FDA may use strain change model for evaluating H1N1 vaccines

Jul 23, 2009 (CIDRAP News) – The Food and Drug Administration (FDA) may review vaccines for the novel H1N1 influenza virus the same way it evaluates the annual updates of seasonal flu vaccines, which would probably lead to faster FDA approval than occurs with brand-new products, an FDA official said in the wake of an FDA advisory committee meeting today.

FDA spokeswoman Peper Long said the FDA's Vaccines and Related Biological Products Advisory Committee (VRBPAC) expressed support for an FDA staff recommendation to handle the H1N1 vaccines the way seasonal flu vaccines are handled. The committee met today to publicly air H1N1 vaccine issues.

Five companies—Sanofi Pasteur, Novartis, CSL Ltd., GlaxoSmithKline (GSK), and MedImmune—are rushing to make H1N1 influenza vaccines for the US government and are launching or preparing to launch clinical trials. US officials want trial data as soon as possible so they can approve vaccines in time for a potential renewed surge of the virus this fall after children return to school.

The committee didn't make a formal recommendation about how to regulate the new vaccines, but a consensus in favor of using the seasonal vaccine approach emerged, Long told CIDRAP News.

Long noted that manufacturers with established seasonal flu vaccines file a supplemental application each year after changing one or more of the three flu strains in the vaccine, in line with FDA recommendations. A "strain change supplement" usually doesn't require new clinical data, though some immunogenicity and safety data usually are available, she said.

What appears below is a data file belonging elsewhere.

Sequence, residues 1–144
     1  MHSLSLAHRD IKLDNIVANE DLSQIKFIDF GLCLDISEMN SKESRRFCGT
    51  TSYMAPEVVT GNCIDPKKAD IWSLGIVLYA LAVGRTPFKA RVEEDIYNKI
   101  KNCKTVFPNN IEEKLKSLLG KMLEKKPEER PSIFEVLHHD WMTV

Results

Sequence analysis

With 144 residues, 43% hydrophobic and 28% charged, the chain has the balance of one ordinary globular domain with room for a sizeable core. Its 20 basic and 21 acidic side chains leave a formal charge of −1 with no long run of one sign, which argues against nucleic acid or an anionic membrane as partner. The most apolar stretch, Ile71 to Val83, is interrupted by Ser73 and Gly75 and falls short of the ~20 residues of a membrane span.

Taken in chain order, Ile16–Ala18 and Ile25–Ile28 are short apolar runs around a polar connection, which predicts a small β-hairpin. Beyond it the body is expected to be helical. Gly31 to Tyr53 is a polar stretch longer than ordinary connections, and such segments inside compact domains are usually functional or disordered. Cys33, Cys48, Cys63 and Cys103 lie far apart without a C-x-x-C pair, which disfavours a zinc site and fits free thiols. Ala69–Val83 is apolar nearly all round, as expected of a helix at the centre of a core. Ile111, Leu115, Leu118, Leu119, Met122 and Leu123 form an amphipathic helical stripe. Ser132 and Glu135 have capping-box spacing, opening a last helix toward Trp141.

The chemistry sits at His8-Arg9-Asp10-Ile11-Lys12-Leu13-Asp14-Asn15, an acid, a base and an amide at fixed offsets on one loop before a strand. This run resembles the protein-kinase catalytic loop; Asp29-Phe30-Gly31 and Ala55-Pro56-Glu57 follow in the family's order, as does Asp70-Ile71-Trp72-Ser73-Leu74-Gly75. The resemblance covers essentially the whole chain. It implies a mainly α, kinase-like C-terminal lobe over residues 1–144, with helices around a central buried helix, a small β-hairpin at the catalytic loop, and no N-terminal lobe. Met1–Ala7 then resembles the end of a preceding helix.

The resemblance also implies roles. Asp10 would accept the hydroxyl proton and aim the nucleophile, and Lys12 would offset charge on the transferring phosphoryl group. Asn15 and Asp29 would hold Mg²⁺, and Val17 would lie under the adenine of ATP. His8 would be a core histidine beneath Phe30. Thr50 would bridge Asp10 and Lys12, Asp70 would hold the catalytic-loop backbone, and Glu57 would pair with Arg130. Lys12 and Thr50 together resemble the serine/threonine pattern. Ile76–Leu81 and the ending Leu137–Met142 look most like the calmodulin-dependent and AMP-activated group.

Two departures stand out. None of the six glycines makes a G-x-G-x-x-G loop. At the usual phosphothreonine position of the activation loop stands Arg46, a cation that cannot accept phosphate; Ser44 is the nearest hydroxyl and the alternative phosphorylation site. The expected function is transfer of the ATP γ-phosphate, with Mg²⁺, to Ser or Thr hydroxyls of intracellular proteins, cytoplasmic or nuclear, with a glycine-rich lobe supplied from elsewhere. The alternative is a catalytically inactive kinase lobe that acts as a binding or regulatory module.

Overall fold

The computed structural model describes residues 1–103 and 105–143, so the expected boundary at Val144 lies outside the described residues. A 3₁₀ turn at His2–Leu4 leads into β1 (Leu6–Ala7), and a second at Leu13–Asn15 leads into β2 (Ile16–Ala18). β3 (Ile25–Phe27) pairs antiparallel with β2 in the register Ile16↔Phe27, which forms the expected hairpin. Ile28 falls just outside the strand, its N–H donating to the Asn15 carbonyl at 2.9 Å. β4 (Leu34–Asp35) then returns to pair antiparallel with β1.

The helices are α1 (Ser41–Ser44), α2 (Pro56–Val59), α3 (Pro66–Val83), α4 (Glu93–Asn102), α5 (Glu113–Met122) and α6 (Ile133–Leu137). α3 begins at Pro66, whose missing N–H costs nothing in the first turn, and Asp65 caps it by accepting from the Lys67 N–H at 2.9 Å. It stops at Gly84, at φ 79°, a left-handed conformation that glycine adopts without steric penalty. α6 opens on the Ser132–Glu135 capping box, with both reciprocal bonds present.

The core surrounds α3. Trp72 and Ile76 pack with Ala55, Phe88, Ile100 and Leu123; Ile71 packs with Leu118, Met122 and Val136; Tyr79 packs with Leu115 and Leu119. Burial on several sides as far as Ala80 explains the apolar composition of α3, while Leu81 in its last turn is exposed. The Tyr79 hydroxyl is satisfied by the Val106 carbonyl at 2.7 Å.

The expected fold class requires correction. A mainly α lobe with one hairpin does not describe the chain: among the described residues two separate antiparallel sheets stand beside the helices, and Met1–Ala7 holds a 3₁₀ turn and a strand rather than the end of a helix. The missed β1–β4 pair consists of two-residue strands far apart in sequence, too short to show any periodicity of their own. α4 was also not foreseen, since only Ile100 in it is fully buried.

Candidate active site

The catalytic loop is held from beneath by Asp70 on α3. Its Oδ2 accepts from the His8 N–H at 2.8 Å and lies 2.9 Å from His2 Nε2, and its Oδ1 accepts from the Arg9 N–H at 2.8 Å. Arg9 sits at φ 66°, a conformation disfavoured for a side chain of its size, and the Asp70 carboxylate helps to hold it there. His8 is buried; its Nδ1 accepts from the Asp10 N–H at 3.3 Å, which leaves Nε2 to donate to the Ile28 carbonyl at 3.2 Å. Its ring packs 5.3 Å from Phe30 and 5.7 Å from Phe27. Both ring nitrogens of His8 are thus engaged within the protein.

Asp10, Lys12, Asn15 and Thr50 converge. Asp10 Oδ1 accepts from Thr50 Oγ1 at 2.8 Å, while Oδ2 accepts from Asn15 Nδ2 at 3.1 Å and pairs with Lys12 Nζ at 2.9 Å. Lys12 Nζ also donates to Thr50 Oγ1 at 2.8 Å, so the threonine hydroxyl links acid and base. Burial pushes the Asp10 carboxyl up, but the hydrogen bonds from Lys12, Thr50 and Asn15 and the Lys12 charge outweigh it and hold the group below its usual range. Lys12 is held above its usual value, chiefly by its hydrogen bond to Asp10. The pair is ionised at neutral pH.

The other licensing pathways for vaccines are to file a biologics license application (BLA), involving a formal process with full clinical trials, or to seek an emergency use authorization (EUA). In declared public health emergencies, the FDA can provide an EUA for products whose effectiveness has not yet been fully demonstrated.

"The third way is a strain change supplement, which is how flu vaccines are approved every year," Long said. "That doesn't usually require new clinical data."

"A strain change supplement will allow us to license a vaccine based on our experience evaluating vaccines over the years, so if necessary we can have a vaccine ready to go," she said. With clinical trials starting now, some results are likely to be available by the time the vaccine is needed, she added.

"We'll start to see some first-round data by September," Long said.

The committee "pretty well agreed" with the strain change regulatory approach, she said. However, she said this approach would be possible only for vaccines that are not paired with dose-sparing adjuvants.

The government has ordered supplies of adjuvants made by Novartis and GSK, but no US-licensed vaccines contain those adjuvants and, hence, their use will require special testing and evaluation.

Long said a GSK official at today's meeting discussed plans to test the company's vaccine with an adjuvant. "That couldn't be approved as a strain change supplement with FDA; that would have to fall under a regular BLA or an emergency use authorization," she said.

She emphasized that a final decision on how to regulate the H1N1 vaccines will be up to the secretary of the Department of Health and Human Services and that the proposal to use the strain-change approach assumes that H1N1 vaccines will be needed before full clinical testing can be completed.

"We're preparing for a lot of contingencies, and each step along the way is its own risk-benefit analysis," she commented.

The five vaccine makers are all growing their vaccines in chicken eggs, the conventional production method in use for decades. Four of the five are dealing with low yields of the vaccine—half or less of what they typically get with seasonal flu vaccines, according to recent reports.

However, MedImmune is getting a much better yield with its live attenuated vaccine, which is given as a nasal spray. Company officials who were at today's meeting said they could make more doses than they have spray bottles to deliver, according to an Associated Press report.

See also:

Jul 23 VRBPAC meeting information

Briefing document for meeting

General information about the committee

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